Microsoft recently announced the availability for Windows 11 of an environment WSL (Windows Subsystem for Linux) that runs Linux executable files. Unlike WSL submissions for earlier versions of Windows, the version of Windows 11 is not integrated into the system image, but is instead designed as an application distributed through the Microsoft Store.
At the same time, from the point of view of the technologies used, the WSL padding has remained the same, only the installation and update method has changed.
Microsoft mentions that this is not about a remake of WSL, but it is the same one that many of us already know and that also comes with new features that can be found in this preview, such as:
- New functions such as wsl.exe –mount, VHD. – mount –vhd (to facilitate mounting of files)
- File system detection has been implemented.
- Support for optionally naming a mount point when mounting a disk via WSL. –namewsl –mount
- Linux kernel updated to 126.96.36.199
- Added progress indicator helper function that is used to display a Please Wait message with animated dots in the conversion process to show users that WSL is still running.
- Changed to not require argument. This change changes to not require the argument, but maintains support to avoid breaking existing scripts.wsl –install – distributionwsl –install – distribution
- Added command displaying relevant version information wsl.exe –version
Note that distribution through the Microsoft Store enables faster delivery of updates and new WSL features, including the ability to install new versions of WSL without being tied to the Windows version. For example, once experimental features such as Linux graphical application support, GPU-side computing, and disk mounting are ready, the user will be able to access them immediately, without the need to update Windows or use Windows Insider test builds.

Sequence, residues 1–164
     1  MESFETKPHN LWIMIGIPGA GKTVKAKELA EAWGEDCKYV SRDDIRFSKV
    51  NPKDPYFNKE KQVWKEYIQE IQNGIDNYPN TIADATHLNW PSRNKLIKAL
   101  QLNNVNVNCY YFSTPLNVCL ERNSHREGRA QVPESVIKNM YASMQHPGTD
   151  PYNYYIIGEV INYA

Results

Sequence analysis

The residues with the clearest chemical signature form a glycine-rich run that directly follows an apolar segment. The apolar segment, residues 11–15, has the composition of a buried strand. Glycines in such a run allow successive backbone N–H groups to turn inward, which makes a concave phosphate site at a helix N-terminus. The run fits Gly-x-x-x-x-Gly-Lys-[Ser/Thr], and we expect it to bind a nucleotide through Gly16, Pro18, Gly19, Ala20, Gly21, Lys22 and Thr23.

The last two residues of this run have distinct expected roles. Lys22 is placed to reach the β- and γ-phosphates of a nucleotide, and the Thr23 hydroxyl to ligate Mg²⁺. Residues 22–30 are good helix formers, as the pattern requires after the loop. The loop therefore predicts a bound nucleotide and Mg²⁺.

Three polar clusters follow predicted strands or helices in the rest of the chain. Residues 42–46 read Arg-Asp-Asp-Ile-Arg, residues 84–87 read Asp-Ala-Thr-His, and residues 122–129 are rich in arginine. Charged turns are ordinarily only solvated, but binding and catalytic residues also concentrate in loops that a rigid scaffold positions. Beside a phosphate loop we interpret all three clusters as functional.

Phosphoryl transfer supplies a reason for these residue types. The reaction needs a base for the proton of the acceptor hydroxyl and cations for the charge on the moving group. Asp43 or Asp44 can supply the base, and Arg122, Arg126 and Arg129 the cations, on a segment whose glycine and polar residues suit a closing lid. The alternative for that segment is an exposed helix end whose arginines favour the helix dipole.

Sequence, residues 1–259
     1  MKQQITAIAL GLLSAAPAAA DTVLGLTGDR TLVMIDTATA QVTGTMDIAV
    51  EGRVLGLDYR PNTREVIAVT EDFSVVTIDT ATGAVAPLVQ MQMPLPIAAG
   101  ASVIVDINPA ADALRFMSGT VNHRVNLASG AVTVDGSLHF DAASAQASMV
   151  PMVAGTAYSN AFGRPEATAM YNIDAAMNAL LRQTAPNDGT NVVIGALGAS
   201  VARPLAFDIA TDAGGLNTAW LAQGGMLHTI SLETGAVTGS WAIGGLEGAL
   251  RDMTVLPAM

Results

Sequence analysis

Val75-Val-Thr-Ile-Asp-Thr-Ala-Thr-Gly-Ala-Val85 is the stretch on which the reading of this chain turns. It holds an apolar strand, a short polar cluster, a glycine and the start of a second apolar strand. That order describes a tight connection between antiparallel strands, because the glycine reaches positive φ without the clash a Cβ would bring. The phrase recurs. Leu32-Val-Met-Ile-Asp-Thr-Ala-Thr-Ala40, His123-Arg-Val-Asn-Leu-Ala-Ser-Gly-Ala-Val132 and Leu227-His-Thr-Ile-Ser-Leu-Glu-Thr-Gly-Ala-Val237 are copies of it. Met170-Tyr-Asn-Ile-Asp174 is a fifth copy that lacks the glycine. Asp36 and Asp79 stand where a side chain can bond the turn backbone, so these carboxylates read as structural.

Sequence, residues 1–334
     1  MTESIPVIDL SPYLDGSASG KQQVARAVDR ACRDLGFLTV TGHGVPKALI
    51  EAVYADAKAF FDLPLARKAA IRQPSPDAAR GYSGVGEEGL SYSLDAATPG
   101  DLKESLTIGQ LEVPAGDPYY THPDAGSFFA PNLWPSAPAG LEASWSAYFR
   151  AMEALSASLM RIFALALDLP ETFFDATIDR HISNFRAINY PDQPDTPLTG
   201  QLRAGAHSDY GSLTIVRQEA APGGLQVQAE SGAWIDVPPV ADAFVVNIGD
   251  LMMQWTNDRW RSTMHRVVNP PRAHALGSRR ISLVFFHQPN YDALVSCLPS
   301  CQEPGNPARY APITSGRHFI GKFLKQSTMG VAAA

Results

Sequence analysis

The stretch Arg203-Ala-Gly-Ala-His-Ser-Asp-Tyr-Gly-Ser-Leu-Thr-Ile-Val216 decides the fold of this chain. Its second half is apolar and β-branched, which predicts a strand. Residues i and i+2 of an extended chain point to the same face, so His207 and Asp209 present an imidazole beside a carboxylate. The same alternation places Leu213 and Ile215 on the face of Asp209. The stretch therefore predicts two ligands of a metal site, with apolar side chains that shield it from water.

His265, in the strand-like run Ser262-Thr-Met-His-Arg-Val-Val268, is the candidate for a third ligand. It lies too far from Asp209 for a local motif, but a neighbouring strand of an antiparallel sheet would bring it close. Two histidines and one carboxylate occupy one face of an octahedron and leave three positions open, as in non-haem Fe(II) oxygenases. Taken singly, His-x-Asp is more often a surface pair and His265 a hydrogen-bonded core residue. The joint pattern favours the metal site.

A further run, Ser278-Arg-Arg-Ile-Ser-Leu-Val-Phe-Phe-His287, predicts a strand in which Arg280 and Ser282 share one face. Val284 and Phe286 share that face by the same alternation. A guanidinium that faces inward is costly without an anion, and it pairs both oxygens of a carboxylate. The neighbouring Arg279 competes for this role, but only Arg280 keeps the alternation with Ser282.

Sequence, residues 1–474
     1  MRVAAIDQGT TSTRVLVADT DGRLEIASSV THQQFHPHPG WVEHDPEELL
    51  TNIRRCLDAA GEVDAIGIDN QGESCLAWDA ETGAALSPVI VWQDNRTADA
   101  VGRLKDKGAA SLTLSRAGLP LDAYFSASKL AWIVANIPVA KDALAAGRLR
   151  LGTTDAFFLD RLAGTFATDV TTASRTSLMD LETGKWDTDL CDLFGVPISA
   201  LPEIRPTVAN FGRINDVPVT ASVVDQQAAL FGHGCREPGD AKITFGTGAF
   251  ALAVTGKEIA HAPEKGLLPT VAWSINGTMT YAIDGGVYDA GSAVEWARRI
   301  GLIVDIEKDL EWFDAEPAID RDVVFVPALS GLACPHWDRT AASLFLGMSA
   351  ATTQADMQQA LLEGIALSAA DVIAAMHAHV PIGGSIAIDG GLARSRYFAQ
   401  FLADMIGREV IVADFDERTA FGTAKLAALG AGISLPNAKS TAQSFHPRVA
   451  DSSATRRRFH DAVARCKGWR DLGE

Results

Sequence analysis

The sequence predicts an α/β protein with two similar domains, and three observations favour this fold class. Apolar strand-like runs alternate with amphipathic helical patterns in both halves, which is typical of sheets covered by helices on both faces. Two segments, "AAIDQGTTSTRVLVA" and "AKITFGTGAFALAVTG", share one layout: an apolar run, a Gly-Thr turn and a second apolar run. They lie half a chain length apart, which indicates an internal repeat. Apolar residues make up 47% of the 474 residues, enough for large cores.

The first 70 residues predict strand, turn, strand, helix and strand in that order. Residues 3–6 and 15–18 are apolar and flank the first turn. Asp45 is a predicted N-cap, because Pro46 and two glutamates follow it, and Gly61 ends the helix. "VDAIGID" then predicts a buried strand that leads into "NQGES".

This change moves those binaries from being part of the Windows image to being part of an application that you install from the Store. This decouples WSL from your version of Windows, allowing you to update through the Microsoft Store. So, once new features such as GUI application support, GPU computing, and Linux file system drive mounting are developed, tested, and ready for release, you will immediately get access to them on your machine without needing to update your entire Windows OS, or go to Windows Insider preview builds.
For those who are unfamiliar with the WSL environment, they should know that it is instead of being treated as if it were an emulator, this is an environment that translates Linux system calls to Windows system calls, uses a full Linux kernel environment. The proposed kernel for WSL is based on Linux kernel version 5.10, which has been extended with WSL-specific patches, including optimizations to reduce kernel startup time, reduce memory consumption, return memory freed by processes from Linux to Windows and leave the minimum required set of drivers and subsystems in the kernel.
The kernel runs in a Windows environment using a virtual machine which is already running on Azure. The WSL environment runs on a separate disk image (VHD) with an ext4 file system and a virtual network adapter.
User space components are installed separately and are based on multi-layout assemblies. For example, for WSL installation, the Microsoft Store directory offers builds of Ubuntu, Debian GNU / Linux, Kali Linux, Fedora, Alpine, SUSE, and openSUSE.
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